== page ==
What’s it take to make a great city?
Beautiful buildings big and small, sure. And people, good people who want to attain the best for themselves and their fellows. Institutions that work for people, and not for their own benefit. Top schools, parks and open spaces.
The glue to keep all of that together is community spirit. A great city must—yes, absolutely must—have citizens who believe in each other, who will work together to solve problems, who know that diversity isn’t an obstacle, it’s a necessity. The viewpoints of the multitude are all heard with respect, and consensus is the fuel that energizes progress.
If you’re looking at a crystal ball trying to find such a city, there are good examples—but far too many burgs miss greatness because of infighting, ethnic division and, sadly, civic stupidity.
Clearwater, Florida, has wonderful assets. But with all that Clearwater has, it lacks adequate social betterment and humanitarian endeavors. True, a lot of public agencies and nonprofits work hard to fill the gaps, but much more work is needed.
That’s a challenge facing the Church of Scientology. Its international spiritual headquarters is, by far, the largest private entity in Clearwater, and it’s growing. And while much of the Church’s energies are directed at its core mission—serving Scientologists from around the world who travel to Clearwater for advanced spiritual services—it also has a long history of hosting activities for neighbors and the community. From the founding of the Church in the mid-20th century, L. Ron Hubbard made clear his goal was to help better mankind, stating: “A being is only as valuable as he can serve others.”
About a year ago, Church community affairs staff made a new step in that direction, creating a Charity Coalition of nonprofit groups whose bimonthly meetings total well over 100 people. The result? Communication, networking, ideas—and a better Tampa Bay area.
For decades, the Church of Scientology has sponsored and supported an array of humanitarian enterprises. They’re all active in Florida and they have remarkable success stories that are chronicled in this issue of Freedom.
The Church has more than 50 buildings in Clearwater, the most stunning of which is the religion’s spiritual headquarters, the Flag Building. But none housed the Church-supported humanitarian and social betterment organizations, so active around the world. With its substantial presence in Clearwater, the ecclesiastical leader of the religion, Mr. David Miscavige, recognized an imperative for the Church and its parishioners to work with all stakeholders and become a catalyst for building a truly great city.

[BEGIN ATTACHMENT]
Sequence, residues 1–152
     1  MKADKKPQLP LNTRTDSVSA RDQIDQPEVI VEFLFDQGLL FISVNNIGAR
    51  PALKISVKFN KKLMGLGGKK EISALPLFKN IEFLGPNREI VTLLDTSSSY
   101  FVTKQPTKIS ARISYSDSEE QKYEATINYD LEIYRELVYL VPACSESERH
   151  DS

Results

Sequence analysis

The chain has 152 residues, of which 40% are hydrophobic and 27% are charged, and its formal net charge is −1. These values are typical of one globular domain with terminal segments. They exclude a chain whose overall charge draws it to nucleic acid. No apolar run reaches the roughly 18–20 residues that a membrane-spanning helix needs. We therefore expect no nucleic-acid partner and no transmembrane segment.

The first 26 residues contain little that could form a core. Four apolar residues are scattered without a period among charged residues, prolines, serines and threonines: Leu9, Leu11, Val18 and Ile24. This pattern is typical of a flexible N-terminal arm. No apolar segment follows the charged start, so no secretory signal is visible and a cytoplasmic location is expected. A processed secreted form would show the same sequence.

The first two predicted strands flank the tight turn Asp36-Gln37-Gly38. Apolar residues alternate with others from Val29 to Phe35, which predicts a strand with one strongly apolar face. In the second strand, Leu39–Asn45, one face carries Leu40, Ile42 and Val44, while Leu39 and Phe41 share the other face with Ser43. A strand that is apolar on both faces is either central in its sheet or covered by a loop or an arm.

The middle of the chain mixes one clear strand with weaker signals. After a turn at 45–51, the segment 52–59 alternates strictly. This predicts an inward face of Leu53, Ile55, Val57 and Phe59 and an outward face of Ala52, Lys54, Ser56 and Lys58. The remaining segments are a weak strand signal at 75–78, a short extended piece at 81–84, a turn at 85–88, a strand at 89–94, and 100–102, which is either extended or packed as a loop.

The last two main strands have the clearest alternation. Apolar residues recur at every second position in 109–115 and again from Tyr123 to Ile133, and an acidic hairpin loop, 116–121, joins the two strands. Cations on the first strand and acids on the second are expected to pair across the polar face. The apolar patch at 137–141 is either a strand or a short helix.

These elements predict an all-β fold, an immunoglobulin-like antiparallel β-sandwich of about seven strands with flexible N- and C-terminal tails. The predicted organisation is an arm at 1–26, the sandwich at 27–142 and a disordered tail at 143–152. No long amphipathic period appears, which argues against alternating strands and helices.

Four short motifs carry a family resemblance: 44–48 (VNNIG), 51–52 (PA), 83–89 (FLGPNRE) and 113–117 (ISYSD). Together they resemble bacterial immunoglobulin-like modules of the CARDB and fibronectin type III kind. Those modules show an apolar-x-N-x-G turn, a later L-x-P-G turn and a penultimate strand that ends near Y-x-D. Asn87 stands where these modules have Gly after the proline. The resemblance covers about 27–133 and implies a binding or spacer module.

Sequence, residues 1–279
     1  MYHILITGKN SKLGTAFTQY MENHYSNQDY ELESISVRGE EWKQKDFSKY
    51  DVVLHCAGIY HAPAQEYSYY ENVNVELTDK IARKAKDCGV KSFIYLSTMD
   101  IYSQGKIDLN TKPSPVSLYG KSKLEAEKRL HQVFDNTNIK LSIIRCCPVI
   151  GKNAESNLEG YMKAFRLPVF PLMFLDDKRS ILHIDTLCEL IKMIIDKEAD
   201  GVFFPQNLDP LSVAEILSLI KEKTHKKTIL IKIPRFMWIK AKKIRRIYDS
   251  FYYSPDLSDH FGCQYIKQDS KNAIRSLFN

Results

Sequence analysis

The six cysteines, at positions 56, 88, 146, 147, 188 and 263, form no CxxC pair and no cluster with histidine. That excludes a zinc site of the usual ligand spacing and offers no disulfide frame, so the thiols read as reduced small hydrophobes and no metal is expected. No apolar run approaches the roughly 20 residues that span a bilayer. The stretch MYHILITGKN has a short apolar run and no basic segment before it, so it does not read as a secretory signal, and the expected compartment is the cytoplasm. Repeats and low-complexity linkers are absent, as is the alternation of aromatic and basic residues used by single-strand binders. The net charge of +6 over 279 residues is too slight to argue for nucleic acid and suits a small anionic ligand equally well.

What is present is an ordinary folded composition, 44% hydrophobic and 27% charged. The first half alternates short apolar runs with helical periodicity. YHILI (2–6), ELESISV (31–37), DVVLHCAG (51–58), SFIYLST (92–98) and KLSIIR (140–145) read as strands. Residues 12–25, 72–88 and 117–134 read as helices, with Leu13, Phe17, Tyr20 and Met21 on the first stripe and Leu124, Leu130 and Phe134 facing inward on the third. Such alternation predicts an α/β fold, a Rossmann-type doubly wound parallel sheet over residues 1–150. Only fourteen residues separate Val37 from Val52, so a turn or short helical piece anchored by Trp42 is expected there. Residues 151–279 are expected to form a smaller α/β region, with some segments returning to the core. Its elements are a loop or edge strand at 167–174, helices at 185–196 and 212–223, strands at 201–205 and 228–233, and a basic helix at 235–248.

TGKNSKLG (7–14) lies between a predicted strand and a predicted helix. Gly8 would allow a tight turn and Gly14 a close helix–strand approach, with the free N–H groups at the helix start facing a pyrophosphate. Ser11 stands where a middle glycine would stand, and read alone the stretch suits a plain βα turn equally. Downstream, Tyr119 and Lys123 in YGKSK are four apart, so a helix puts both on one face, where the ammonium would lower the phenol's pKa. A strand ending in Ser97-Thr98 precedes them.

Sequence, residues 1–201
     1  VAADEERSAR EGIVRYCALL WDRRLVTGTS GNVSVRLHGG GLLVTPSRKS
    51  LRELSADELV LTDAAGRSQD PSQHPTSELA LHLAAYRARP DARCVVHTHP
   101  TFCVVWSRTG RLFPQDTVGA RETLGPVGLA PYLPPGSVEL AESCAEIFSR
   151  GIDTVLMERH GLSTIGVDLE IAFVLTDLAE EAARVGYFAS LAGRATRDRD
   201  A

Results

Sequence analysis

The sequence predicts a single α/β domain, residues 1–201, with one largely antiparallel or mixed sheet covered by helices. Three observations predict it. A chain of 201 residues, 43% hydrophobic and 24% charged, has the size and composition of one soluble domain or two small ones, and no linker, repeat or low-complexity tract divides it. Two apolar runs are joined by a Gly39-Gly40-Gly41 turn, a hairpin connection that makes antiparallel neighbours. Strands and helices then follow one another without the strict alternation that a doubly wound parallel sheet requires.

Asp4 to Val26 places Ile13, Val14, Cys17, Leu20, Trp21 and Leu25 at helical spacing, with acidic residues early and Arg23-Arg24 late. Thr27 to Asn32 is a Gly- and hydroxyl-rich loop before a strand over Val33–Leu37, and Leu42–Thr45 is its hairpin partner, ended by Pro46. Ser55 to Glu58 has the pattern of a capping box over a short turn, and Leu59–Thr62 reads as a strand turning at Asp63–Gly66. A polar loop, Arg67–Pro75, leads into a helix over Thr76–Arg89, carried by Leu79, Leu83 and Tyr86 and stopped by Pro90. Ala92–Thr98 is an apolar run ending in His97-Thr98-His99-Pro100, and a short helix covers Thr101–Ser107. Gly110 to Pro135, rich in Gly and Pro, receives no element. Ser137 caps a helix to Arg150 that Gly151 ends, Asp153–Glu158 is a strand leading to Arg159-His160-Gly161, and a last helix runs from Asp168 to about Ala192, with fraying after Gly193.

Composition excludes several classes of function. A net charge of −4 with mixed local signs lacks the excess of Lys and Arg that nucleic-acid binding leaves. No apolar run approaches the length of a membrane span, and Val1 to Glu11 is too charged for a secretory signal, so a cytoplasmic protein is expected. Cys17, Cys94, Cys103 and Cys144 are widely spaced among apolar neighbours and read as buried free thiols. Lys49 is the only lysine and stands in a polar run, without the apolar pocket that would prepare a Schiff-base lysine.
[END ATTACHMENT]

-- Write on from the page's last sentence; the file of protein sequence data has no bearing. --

That has now become reality. One of the original buildings the Church acquired in Florida, the Clearwater Building, a former bank at the intersection of Fort Harrison Avenue and Cleveland Street, is now the Church’s open door for the public. It’s an information resource on what Scientology is, how the religion works, and what made Mr. Hubbard such a visionary man. The building’s two-story lobby is itself a visual treasure worth a tour.
A stroll north on Fort Harrison Avenue from the Clearwater Building is the real heart of the Church’s offering to Clearwater and the rest of Florida. Citizens concerned about drugs, human trafficking, the problems of the burgeoning prison system, immorality and corruption—there are organizations in which hundreds of volunteers are engaged in tackling all of those thorny issues and more. You’ll see their names emblazoned on each of their colorful new headquarters: Foundation for a Drug-Free World, United for Human Rights, Criminon, The Way to Happiness Foundation. They work alongside like-minded groups and individuals of all faiths who respond to the urgent call to resolve these social ruins.
There’s more: The forerunner of Scientology’s social activism groups is Citizens Commission on Human Rights, which since the 1960s has been battling the predatory practices of soulless psychiatry, psychology and the psycho-pharmaceutical industry. It now has a Florida headquarters that includes a museum: “Psychiatry: An Industry of Death.”
And still more: Scientologists are obsessed (in a very good way) with being involved and helping out. Volunteer Ministers are the expression of that. They have rushed to the scene helping people in major catastrophes—9/11, the Haiti and Nepal earthquakes, much more—and in the day-to-day crises and “we need a hand” events in cities across the globe. The community of Scientologists in the Tampa Bay area amasses more than 200,000 hours a year in volunteer work. Scientologists—along with every sensible person, business, church, school and public agency in the city—want to see Clearwater flourish. They are doing something about that.
At an August 5 meeting of the Downtown Development Board, Clearwater Vice Mayor Jay Polglaze said of the newly opened Scientology buildings: “They are just remarkable, really well done. The services provided, everything from human rights … and giving somebody a vehicle, a platform. … Not just locally, but it becomes a regional destination. Those are all some great community assets. So I would really thank, compliment the Church for stepping forward and making an additional investment for the benefit of the entire community.”
That’s what this issue of Freedom is all about.